Question about Sony Cyber-shot DSC-W50 Digital Camera
This is very likely an internal problem, send it to a repair shop for a deeper check out, it might be dust in the lens mechanism.
Posted on Mar 24, 2011
Testimonial: "thanks so much"
Although I would like to know a little more information about your problem than what is listed, I will try to help.
First off, if you have an existing warranty for the camera, attempt to get it repaired by a reputable service center under that warranty. Repairs on small cameras will often result in a new camera.
Digital cameras have many small moving components that are run by a small electric motor. To keep weight and cost down, a lot of the actual items that the motors will push are made of plastic.
The usual cause of the issues amounts to the following:
Stray debris clogging the works of the camera
"Stripped" works of the camera, causing it to jam
"Broken" works of the camera, same result.
Or some "impact" dislodges the intricate workings of the camera.
I work at Best Buy, so I've seen a LOT of strange things with cameras. As a result, I can tell you that this website: here has some very reputable selections to fix your camera.
I would attempt all of those, since those are the "free" and easy ways to potentially fix your camera. And that's the good news.
Unfortunately, the bad news is that there is a good chance that your camera might just need to be replaced if it has no warranty. This is for several reasons.
1. The cost to repair most digital cameras outside of warranty is around $100-$150. The parts aren't what get you, its the cost of the LABOR.
2. Most digital cameras hover around $100-$150 in cost, unless you move to a really expensive unit (in which case, means you might want to consider getting it repaired).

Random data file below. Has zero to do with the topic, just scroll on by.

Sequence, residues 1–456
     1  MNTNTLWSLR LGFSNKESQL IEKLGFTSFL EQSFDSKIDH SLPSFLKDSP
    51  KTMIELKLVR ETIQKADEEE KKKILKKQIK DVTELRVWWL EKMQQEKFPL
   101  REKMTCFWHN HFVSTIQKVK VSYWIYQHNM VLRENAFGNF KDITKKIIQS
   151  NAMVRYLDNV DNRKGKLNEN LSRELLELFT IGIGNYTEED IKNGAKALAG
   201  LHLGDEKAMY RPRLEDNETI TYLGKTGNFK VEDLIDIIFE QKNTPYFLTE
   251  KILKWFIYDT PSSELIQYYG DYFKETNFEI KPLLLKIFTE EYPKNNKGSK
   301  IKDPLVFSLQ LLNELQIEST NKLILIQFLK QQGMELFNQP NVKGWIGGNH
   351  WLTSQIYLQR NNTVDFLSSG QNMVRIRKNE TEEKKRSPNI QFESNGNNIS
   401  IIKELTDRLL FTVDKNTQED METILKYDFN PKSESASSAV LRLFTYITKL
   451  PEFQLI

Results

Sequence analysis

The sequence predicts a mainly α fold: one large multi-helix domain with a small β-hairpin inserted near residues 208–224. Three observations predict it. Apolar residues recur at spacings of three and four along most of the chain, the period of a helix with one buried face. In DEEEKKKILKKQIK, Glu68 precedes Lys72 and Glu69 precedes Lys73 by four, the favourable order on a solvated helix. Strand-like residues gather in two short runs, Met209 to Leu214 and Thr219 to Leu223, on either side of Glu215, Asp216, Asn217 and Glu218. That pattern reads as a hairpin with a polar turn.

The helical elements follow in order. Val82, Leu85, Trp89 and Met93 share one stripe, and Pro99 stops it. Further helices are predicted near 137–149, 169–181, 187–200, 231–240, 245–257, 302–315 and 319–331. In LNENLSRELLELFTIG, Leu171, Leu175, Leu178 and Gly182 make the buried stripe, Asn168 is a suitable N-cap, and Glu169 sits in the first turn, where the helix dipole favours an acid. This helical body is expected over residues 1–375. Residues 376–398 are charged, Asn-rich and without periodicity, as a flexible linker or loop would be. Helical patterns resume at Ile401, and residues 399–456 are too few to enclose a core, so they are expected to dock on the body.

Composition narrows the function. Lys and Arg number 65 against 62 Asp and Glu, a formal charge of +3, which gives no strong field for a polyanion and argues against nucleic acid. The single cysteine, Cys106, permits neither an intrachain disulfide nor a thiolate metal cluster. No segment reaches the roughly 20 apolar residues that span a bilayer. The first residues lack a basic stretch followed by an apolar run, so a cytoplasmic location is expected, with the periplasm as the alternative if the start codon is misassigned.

3. Moreover, you will spend money on shipping, and likely have to wait several weeks for your camera. Most people, I have learned, go to use their camera for a special occasion such as a graduation, wedding, etc, only to find that its broken and that even WITH a warranty will take weeks to repair. The only real locations in my area that will attempt to fix a camera in-house is Ritz Camera, but they are becoming increasingly rare.
Finally, its likely better to replace the camera anyway - to get something comparable to "last years" technology is likely cheaper than what you paid for it last year. Additionally, the new camera will have a NEW warranty on it, which means that you will have a new camera NOW (not weeks from now) for likely under what it would cost to repair your old camera, and you'll have a 1 year manufacturer's warranty on the new camera (to help with any potential future issues with your camera). In many cases depending on where you buy it from, the retailer will offer you additional warranties.
Posted on Apr 07, 2011
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Posted on Jan 02, 2017
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